posted by wondrous strange snow on Mar 19, 2012 - 29 comments

Narendra Modi 2.0

The Emperor Uncrowned: An in-depth look at the controversial man who may be India's next Prime Minister (previously). Also related.
posted by peacheater on Mar 8, 2012 - 5 comments

India declared free of Polio for one year

Recently, the World Health Organisation anounced that India has officially broken the chain of Polio transmission, with no new cases reported in the last year. Following independent checks of the reporting laboratories, Indian Health Minister announced that WHO "has taken India's name off the list of polio endemic countries". [more inside]
posted by metaBugs on Feb 26, 2012 - 21 comments

Kila Raipur Sports Festival Rural Olympics

In February each year, Ludhiana becomes the destination fro hundreds of sports enthusiasts, including foreigners. They come to Kila Raipur to see the special breed of bullocks, camels, dogs, mules and other animals competing in highly professional events. It is to be seen to be believed. In 1946, Mr. Bakhsish Singh was instrumental in getting the most popular event of the Games – the Bullock Cart Race – introduced. This is the annual Kila Raipur Sports Festival, commonly called The Rural Olympics. This years games are over, but photos of various events are being posted online. For one last taste, here's a 10 minute video from the 2007 events.
posted by filthy light thief on Feb 21, 2012 - 3 comments

Once Upon A Time in Bombay

Once Upon a Time in Bombay "It is said that Bombay is the Alexandria of India. Its geographical position and commercial relations bear evidently some resemblance to the great eastern entrepot of the Mediterranean. As the swampy Rhakotis, a mere fishing village which Alexander the Great transformed into the splendid city of Alexandria, the desolate islet of the Bombay Koli fishermen was changed into the present capital of Western India." -- J. Gershon da Cunha in Origin of Bombay (google book) [more inside]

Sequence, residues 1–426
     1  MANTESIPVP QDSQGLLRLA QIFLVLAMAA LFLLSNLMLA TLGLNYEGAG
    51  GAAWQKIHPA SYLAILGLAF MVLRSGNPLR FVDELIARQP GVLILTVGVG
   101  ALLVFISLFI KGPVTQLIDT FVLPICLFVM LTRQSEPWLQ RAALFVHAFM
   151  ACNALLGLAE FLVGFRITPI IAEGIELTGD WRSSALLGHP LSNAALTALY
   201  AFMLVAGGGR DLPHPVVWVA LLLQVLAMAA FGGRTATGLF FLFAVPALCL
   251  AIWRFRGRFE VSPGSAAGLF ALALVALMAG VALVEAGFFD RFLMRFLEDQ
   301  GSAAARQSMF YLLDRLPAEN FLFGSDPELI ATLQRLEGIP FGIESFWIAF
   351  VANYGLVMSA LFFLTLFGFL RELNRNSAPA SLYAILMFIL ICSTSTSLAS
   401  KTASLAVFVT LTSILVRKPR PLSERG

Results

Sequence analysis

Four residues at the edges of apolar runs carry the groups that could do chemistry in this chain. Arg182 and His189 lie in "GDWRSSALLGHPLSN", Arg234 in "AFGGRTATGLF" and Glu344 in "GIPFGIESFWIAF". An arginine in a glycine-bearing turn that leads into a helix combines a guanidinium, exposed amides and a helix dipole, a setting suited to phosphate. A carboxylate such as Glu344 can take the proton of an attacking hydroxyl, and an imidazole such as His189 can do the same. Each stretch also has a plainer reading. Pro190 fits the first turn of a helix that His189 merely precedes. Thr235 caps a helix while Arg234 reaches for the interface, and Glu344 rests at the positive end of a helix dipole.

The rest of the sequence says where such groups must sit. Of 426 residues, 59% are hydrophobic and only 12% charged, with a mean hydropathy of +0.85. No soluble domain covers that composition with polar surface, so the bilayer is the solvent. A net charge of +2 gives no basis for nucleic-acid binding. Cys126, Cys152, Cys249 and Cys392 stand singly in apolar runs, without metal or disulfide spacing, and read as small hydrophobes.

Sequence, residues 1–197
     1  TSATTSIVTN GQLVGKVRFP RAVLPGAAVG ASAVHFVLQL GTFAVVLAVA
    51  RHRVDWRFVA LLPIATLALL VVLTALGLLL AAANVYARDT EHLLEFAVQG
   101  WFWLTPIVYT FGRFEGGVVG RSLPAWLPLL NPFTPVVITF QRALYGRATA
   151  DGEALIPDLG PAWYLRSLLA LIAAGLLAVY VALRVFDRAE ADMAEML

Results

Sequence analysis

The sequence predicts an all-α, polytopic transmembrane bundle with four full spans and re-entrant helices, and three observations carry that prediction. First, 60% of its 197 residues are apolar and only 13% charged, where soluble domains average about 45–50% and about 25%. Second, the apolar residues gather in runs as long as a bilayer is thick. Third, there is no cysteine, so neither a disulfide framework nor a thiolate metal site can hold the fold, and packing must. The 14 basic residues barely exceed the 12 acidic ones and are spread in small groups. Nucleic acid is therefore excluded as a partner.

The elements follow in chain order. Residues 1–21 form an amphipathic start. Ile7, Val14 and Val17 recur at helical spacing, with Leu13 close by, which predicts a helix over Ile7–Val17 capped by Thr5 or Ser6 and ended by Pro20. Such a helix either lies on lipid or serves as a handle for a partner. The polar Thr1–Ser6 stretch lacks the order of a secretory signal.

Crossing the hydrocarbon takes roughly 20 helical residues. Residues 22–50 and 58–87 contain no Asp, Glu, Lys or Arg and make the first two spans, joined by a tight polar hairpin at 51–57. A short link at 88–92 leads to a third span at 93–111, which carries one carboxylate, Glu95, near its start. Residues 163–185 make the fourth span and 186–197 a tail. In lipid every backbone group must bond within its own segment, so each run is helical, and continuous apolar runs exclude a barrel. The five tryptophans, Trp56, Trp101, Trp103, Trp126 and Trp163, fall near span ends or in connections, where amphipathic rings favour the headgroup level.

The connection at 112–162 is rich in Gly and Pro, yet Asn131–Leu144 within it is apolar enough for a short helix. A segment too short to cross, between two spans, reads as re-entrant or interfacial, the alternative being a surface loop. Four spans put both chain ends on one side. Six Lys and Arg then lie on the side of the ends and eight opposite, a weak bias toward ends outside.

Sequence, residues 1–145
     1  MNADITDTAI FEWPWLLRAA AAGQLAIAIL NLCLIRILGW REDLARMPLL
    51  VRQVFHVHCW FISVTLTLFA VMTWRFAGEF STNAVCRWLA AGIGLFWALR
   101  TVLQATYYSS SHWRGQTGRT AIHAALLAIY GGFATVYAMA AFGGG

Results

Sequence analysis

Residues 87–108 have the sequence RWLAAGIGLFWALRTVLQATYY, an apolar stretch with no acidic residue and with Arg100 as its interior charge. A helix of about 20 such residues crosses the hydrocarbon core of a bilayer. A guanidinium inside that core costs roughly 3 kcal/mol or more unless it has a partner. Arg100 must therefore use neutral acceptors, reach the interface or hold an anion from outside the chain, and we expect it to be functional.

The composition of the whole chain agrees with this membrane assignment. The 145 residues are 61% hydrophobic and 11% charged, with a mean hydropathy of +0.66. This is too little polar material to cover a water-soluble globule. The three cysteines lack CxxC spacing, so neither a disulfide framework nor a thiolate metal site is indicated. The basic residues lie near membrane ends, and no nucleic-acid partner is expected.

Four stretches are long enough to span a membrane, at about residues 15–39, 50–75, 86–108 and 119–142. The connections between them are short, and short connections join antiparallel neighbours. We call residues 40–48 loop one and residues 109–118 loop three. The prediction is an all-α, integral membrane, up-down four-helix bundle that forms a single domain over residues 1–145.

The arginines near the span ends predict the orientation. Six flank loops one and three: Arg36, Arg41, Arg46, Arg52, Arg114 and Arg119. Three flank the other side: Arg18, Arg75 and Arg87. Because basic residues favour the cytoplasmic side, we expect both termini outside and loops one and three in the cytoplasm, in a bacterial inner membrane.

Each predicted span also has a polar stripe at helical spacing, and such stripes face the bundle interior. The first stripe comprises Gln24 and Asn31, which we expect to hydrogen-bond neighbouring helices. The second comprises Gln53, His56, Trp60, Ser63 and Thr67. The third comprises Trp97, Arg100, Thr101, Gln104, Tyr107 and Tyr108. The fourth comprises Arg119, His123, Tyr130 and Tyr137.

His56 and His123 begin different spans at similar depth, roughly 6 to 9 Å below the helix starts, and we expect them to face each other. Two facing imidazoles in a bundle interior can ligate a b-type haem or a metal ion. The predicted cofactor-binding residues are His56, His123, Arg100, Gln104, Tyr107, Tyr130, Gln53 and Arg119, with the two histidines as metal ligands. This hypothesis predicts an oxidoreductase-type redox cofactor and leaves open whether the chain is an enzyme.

posted by bluefly on Feb 21, 2012 - 8 comments

A Democratic Ambivalence

"A staggering 49 per cent of Pakistanis said that it did not matter to them whether the government was democratic or not. Even more surprisingly, 21 per cent of Indian respondents also said that it did not matter to people such as themselves whether the government was democratic or dictatorial. Added to the fact that a third of respondents offered no response at all, many people in countries with substantial experience of democracy or with significant experience of both democracy and dictatorship appear to share the Libyans’ ambivalence about democracy as the preferred form of governance."
posted by artof.mulata on Feb 21, 2012 - 83 comments

Wind, sea, sand

Surfing took a baby step or the first dip at the first India Surf Festival in Puri this month. Indian surfers, from states along India's long coastline, came together for the first time, in one place. From fishermen's sons to professional surfing instructors, they do not fit the classic, global image of surfers we have. They are uniquely Indian.

Meet the first generation of Indian Surfers.
posted by timshel on Feb 21, 2012 - 26 comments

Economic Development: The Examples of India and China

"This is an intriguing little video summarizing the hypothesis of a new study by Vamsi Vakulabharanam. It looks at the puzzle of why China and India are exceptions to the Kuznets curve, that economic development at first increases income inequality but then starts to produce less disparity. But that did not occur in India and China. Vakulabharanam argues that the difference lies in changes in institutional arrangements, and the inflection point was roughly 1980."
posted by marienbad on Feb 18, 2012 - 3 comments

Vinod Thakur's Got Talent